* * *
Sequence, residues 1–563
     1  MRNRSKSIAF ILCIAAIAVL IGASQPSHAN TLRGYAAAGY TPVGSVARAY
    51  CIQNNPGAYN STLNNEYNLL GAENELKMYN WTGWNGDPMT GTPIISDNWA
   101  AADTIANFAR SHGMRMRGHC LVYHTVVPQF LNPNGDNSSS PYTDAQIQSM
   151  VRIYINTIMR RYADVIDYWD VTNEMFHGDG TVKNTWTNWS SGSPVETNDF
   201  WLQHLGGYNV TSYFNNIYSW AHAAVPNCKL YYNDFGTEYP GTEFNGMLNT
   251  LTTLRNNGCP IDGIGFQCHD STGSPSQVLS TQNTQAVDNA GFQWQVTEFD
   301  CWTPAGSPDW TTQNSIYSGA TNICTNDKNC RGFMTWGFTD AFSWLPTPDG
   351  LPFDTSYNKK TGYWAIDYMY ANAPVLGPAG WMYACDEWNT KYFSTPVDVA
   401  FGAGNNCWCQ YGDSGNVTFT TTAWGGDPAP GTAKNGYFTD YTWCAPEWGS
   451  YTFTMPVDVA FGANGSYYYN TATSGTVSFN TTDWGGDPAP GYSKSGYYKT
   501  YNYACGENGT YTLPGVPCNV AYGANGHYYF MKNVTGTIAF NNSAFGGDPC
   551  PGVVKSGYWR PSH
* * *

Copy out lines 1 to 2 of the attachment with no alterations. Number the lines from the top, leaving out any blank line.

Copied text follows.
Sequence, residues 1–563
     1  MRNRSKSIAF ILCIAAIAVL IGASQPSHAN TLRGYAAAGY TPVGSVARAY